Retail: Mission Valley Location Eyes Annual
Sales of $50 Million
What’s Swedish, comes in a flat container and is sold in a big box?
The European retailer of assemble-it-yourself furniture and home accessories has extended its reach to San Diego. Its 200,000-square-foot store on Fenton Parkway, off Friars Road just west of Qualcomm Stadium, opens to the public Sept. 20.
Store officials have spent $25 million on their 13.2 acres of land and their brand-new building, which received its finishing touches last week. They have hired 250 employees and expect to do $50 million worth of business in their first year.
San Diegans who may have visited IKEA’s Orange County outlet will find themselves in familiar territory. They can leave the kids in a supervised play area, head upstairs and travel a maze-like pathway past showroom displays. Signs will direct them downstairs to view lighting, linens, housewares and other accessories. Midway is a caf & #233; serving Swedish specialties, from meatballs to lingonberries.
There are 15 IKEA stores in the United States. Thirteen stores are company owned, and Mission Valley is the company’s second U.S. franchise. Rene Hausler and Joerg Christen, who both started with IKEA 27 years ago at store No. 7 in Zurich, Switzerland, co-own and manage the place.
Hausler thinks a county of 2.6 million people has room for another furniture store, especially one that provides the “new ideas, new concepts” and the variety of merchandise IKEA provides. Having Costco and Lowe’s stores nearby will help store traffic, he said. He acknowledged the immediate neighborhood, where hundreds of multifamily housing units are on the rise, can’t hurt either.
Roll Up Your Sleeves
IKEA touts the low price of its furniture, which a customer must assemble, often with a wrench. Packing the product in flat boxes cuts down on damage and lets the company save on transportation, storage and final assembly costs, according to company literature.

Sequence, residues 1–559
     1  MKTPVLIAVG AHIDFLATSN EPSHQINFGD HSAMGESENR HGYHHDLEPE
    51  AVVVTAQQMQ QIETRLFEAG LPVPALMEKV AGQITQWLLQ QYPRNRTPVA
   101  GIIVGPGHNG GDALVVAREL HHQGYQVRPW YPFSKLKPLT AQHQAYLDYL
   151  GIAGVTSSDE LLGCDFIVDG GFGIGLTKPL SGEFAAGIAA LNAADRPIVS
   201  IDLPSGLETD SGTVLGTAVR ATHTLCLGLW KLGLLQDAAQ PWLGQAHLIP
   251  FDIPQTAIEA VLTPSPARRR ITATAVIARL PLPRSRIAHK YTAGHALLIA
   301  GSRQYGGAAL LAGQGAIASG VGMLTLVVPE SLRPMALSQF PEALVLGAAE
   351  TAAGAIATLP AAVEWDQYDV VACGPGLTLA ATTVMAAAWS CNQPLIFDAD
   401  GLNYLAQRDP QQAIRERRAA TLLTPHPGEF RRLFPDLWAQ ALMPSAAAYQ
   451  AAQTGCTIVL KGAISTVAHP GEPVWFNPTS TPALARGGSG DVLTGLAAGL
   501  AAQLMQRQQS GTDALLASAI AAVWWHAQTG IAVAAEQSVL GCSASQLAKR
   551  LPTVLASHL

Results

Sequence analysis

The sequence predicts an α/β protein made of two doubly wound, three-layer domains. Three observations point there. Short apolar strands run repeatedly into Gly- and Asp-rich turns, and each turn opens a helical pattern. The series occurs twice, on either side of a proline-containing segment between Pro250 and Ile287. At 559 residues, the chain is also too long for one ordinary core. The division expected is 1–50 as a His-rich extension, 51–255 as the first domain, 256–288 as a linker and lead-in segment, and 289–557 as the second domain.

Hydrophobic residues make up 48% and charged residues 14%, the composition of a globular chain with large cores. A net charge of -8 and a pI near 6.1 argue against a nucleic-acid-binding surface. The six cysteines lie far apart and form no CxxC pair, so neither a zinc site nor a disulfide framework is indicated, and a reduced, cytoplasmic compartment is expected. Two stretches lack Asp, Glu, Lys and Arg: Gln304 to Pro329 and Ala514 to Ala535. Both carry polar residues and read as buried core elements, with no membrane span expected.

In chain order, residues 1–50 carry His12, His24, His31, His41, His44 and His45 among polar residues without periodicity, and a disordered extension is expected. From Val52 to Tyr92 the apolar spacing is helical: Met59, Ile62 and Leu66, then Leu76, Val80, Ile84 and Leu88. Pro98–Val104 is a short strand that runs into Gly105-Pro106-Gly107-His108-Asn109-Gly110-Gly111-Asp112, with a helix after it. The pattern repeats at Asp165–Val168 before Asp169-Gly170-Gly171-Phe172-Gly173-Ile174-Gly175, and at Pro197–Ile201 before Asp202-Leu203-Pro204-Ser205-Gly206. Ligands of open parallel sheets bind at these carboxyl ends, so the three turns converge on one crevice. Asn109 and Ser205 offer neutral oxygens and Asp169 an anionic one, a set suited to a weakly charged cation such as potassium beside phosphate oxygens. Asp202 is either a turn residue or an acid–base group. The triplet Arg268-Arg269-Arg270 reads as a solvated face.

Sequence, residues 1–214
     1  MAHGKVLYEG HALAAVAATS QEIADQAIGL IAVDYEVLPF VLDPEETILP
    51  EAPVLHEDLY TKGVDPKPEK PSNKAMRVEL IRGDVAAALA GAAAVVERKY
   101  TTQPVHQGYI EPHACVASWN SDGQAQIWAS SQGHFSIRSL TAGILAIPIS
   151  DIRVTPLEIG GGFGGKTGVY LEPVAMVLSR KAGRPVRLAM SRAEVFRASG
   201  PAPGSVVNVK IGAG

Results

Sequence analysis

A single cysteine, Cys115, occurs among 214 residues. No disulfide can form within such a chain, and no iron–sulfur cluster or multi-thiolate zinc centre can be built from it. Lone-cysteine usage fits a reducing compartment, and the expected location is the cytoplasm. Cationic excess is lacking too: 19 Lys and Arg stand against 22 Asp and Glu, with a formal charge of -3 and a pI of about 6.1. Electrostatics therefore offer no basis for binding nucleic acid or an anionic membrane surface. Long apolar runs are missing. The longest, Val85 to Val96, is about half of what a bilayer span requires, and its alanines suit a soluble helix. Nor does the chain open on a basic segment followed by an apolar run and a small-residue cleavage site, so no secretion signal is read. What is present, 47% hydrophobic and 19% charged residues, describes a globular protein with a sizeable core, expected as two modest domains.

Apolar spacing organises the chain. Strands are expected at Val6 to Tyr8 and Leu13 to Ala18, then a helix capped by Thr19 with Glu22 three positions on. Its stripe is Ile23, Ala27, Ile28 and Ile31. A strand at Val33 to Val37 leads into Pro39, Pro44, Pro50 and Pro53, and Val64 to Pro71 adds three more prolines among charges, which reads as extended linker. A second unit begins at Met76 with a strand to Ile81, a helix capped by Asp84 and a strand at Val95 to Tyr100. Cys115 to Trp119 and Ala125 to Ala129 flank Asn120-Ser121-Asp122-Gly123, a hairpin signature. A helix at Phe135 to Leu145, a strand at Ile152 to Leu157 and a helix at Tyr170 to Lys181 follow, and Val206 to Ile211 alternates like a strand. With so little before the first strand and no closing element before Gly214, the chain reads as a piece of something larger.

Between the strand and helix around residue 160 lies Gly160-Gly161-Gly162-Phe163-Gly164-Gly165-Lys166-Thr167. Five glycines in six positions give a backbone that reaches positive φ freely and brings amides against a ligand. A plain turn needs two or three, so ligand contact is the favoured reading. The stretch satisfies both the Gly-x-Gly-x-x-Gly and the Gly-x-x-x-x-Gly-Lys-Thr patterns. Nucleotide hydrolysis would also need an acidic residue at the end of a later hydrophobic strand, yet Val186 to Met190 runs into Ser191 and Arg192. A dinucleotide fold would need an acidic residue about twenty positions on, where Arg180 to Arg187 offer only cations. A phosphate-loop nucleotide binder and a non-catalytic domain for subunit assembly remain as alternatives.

With roots in Sweden, IKEA now has 156 stores in 29 countries. The IKEA Group is privately held by a Dutch foundation chaired by company founder Ingvar Kamprad. The company reported $881 million in U.S. sales during fiscal 1999 and $8 billion in worldwide sales.
IKEA has been in the Los Angeles area since 1990 and has stuck close to that market because of the “synergy” there, Hausler said. It has had an eye on San Diego for a while, he said, but a recession in the early 1990s slowed plans to expand south.
The company originally planned to establish itself on the East Coast and head West, Hausler said. Then Stor Furnishings, a company with a concept very close to IKEA’s, appeared in the Los Angeles area, and IKEA rethought its strategy, he said. IKEA ended up buying Stor.
Burbank, City of Industry, Carson and Tustin are IKEA’s other Southern California locations. The company opened a store in Fontana to serve the San Bernardino/Riverside county market, but it lost money and the store was closed, said company spokeswoman Marty Marston.
The company pushed into the San Francisco Bay area six months ago with a store in Emeryville. Another opens soon in Palo Alto.